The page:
As social movements surrounding systemic racism (e.g., Black Lives Matter), climate change, sexual abuse (e.g., #MeToo) and LGBTQIA+ issues have swept the nation, employees look to their employer organisations to meaningfully address diversity and inclusion, equal pay, environmentalism, and protection from sexual harassment at work. More than 20 percent of Gen Z employees said they would consider changing jobs if employers were not engaged in social issues like fair pay, inclusive policies and transparency. Organisations should approach diversity and inclusion efforts with a focus on accountability, systemic change and measurement of results.


Gig economy: The rise of ride-sharing, food-delivery, contactless-shopping and tasking service platforms has disrupted the workforce by introducing the gig economy. The U.S. Bureau of Labor Statistics predicts that more than 50 percent of the U.S. workforce will be engaged in gig work by 2027. The number of platform gig workers increased from 1.8 million in 2019 to 4.9 million in 2021 — a 170 percent increase — according to the Becker Friedman Institute for Economics at the University of Chicago.


As new jobs have been created in recent years, the share of those jobs that offer full-time salaried employment has decreased, while the number of contract, flexible, temporary or hourly positions has increased. While workers in the U.S. want flexibility from employers, gig work offers several challenges, including low hourly wages, no health benefits and unpredictable schedules. Half of those who use gig work as their primary income source are Millennials, compared to 20 percent for Gen Xers and five percent for Baby Boomers. Gen Z and Millennial gig workers are seeing higher earnings than Gen X and Baby Boomers in similar positions, with 45 percent of Gen Z and 44 percent of Millennials earning $2,500 each month or more, compared to 36 percent of Millennials and 30 percent of Baby Boomers.


Caregiving responsibilities: Employees from all generations may face increased caregiving responsibilities either as parents or guardians of young children, aging parents, or relatives of disabled family members. COVID-19 stressed local and family networks of care and support and placed an invisible burden on caregivers, with primarily women expected to take on an additional three to six hours each week of unpaid care activities. Improving parent-friendly policies, focusing on output over hours, and providing benefits like flex time or childcare savings accounts or reimbursements can go a long way to level the playing field for workers who have caregiving responsibilities at home.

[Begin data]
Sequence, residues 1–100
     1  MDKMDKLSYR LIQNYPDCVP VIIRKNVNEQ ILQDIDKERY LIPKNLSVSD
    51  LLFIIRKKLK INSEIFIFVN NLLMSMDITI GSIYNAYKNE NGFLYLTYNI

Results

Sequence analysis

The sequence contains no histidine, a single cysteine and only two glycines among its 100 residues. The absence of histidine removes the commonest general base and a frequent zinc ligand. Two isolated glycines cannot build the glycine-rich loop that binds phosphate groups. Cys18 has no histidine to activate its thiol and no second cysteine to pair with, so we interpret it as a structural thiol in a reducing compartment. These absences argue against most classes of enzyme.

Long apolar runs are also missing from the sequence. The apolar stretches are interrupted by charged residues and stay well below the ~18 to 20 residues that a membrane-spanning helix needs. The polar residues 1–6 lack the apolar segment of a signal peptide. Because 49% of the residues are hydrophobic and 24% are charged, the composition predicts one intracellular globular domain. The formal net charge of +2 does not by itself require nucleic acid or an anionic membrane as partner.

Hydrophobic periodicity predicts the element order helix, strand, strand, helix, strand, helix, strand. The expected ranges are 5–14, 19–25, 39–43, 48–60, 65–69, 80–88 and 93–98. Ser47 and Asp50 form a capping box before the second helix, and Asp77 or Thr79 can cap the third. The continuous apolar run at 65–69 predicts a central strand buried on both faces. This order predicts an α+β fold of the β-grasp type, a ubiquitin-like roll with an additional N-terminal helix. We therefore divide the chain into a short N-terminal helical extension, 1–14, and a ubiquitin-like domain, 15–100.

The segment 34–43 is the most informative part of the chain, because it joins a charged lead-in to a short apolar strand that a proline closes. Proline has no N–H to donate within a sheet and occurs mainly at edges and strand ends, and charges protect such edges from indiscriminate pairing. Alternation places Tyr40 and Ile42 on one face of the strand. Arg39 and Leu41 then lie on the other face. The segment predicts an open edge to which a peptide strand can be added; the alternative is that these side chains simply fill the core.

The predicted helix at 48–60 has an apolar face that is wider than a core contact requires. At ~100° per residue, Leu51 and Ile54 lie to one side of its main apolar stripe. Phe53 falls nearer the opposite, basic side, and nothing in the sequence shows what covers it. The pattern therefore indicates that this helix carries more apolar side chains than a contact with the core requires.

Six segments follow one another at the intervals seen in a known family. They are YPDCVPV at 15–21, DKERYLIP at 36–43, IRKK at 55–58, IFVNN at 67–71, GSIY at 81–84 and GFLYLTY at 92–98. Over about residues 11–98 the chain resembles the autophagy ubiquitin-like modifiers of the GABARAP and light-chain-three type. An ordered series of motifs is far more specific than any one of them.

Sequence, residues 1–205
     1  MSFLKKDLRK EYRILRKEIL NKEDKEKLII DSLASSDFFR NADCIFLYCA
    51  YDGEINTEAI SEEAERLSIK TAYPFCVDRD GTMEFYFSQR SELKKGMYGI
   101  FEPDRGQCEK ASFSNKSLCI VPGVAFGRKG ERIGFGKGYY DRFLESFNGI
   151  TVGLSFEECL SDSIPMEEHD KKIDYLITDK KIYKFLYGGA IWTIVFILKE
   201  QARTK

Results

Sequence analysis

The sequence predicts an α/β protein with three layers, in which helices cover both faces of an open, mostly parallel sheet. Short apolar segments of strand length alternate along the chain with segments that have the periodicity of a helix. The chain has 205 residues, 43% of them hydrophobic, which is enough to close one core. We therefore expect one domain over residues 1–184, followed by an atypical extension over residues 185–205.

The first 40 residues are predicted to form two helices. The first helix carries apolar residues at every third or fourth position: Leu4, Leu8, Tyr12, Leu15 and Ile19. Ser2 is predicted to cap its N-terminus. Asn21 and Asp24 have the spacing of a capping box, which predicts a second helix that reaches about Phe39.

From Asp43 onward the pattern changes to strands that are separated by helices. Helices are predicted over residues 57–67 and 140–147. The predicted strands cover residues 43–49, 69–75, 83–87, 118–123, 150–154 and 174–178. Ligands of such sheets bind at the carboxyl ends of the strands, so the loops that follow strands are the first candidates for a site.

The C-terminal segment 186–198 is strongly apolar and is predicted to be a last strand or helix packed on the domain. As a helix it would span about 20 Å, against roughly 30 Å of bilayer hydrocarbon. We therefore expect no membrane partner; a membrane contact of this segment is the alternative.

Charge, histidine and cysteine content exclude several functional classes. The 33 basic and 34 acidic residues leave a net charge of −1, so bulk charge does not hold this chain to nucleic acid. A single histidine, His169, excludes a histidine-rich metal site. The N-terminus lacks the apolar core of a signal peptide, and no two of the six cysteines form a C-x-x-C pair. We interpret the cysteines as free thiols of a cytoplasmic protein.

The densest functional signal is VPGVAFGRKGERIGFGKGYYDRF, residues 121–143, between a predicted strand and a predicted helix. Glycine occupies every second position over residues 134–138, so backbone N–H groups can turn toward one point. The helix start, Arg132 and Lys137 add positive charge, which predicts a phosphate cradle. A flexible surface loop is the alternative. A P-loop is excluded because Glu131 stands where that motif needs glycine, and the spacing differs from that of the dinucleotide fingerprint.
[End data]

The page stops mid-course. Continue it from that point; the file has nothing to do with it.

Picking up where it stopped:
Five tips for motivating and retaining the workforce of 2030 +

Organisations that can attract, engage and retain top talent see greater profitability, higher productivity and higher customer ratings. When it comes to motivating workers from five generations with unique needs, wants and goals in their work, considering manager selection, individualised performance plans and internal communication channels is still a priority. However, as we look to the future of work in 2030, there are additional opportunities to become an employer of choice.


  1. Offer flexible work hours and arrangements: As many as 70 percent of employees feel that flexible work makes a job more attractive, and 92 percent of Millennials said flexible work was a top priority when job hunting. As the share of jobs available changes to focus on part-time, contract and hourly work, employers who offer full-time employment with benefits and flexible or hybrid work arrangements will have an edge on attracting and retaining top talent.
  2. Think beyond standard compensation for benefits and perks: Sixty-nine percent of employees reported experiencing burnout while working from home through the pandemic. Companies that support employee needs beyond the workplace see a tangible increase (more than 20 percent) in the number of employees reporting better mental health as well as a 21 percent increase in the number of high performers in the organisation. Companies that invest in employee well-being, mental health, caregiver support, rewards and recognition, and other added benefits will see an increase in retention and engagement of top performers.